Access to Abortion: The Intersection of 'Who You Are' and 'Where You Live'
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CitationO'Donnell, Jennifer. 2017. Access to Abortion: The Intersection of 'Who You Are' and 'Where You Live'. Doctoral dissertation, Harvard T.H. Chan School of Public Health.
AbstractAccess to reproductive health services, including abortion services, is essential to the health of women and families. While existing literature has documented the influence of demographic factors (‘who you are’) on access to abortion in the United States, exploration of the influence of place of residence (‘where you live’) is limited. Evidence on the relationship between rurality and access to abortion is notably incomplete, despite the assertions in the public discourse that women living in rural communities have worse access to care than their urban peers.
This dissertation addresses this gap via qualitative and quantitative research in the Central Appalachian region. The qualitative study explores rural women’s reproductive health needs and experiences via in-depth interviews. Paper 1 analyzes the variability of experiences related to accessing a range of reproductive health needs, including abortion. This critical formative research is needed not only to replace assumptions with evidence, but also to contextualize access to abortion within reproductive health access broadly. Paper 2 focuses on rural women’s experiences related to abortion services. It explores how perceived feasibility of obtaining abortion care influences pregnancy decision-making. Paper 3 explores the relationship between gestational age at time of abortion and county-level factors, adjusting for individual characteristics and distance traveled to care, using a three-level hierarchical model.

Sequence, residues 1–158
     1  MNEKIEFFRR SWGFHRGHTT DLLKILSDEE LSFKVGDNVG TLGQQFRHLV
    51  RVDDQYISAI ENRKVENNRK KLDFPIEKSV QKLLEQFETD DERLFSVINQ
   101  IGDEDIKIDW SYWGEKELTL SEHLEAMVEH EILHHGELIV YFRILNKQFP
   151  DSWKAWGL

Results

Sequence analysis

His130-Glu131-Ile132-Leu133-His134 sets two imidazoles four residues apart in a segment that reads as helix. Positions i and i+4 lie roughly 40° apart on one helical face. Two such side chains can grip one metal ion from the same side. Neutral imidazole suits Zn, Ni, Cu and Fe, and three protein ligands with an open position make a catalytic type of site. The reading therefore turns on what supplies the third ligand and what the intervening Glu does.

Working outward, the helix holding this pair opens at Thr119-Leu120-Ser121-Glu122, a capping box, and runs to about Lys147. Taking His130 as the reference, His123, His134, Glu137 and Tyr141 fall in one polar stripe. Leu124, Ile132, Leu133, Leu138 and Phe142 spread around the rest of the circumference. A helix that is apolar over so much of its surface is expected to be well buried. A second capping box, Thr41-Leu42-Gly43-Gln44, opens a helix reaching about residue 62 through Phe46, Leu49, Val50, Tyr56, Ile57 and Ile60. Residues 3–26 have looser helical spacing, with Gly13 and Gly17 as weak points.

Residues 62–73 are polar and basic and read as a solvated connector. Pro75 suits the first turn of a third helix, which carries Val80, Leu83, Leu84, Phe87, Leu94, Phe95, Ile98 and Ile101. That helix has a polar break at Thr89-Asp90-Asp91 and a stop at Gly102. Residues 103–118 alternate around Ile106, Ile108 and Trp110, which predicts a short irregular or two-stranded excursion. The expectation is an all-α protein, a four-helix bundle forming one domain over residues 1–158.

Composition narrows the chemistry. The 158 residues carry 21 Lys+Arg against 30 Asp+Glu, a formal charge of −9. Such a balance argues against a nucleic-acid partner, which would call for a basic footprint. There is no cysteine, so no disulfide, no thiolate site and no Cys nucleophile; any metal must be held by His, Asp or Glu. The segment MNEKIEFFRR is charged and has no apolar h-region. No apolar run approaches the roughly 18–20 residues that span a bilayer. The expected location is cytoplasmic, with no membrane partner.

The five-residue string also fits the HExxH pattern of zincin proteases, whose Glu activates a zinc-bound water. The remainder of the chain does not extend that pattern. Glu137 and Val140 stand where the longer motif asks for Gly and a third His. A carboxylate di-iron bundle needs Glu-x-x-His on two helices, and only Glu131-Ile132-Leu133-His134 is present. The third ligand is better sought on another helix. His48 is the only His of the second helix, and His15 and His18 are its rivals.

The dissertation results suggest that reproductive health services are not uniformly difficult for women in rural communities to access. Instead, experiences accessing services vary as a result of the nature of the health need, with barriers to obtaining highly specialized and/or stigmatized services. Abortion services are both specialized and stigmatized, thus these services are uniquely challenging to access for women in rural communities, which influences women’s pregnancy decision-making. When women assess pregnancy as unacceptable but abortion services as unfeasible, they adjust their emotional orientation towards continuing pregnancy, casting ongoing pregnancy as acceptable. Finally, place of residence, specifically county of residence, is relevant to gestational age at time of abortion. Residing in a nonmetropolitan county is associated seeking abortion later, even after controlling for miles traveled and county-level poverty.
Citable link to this pagehttp://nrs.harvard.edu/urn-3:HUL.InstRepos:42066824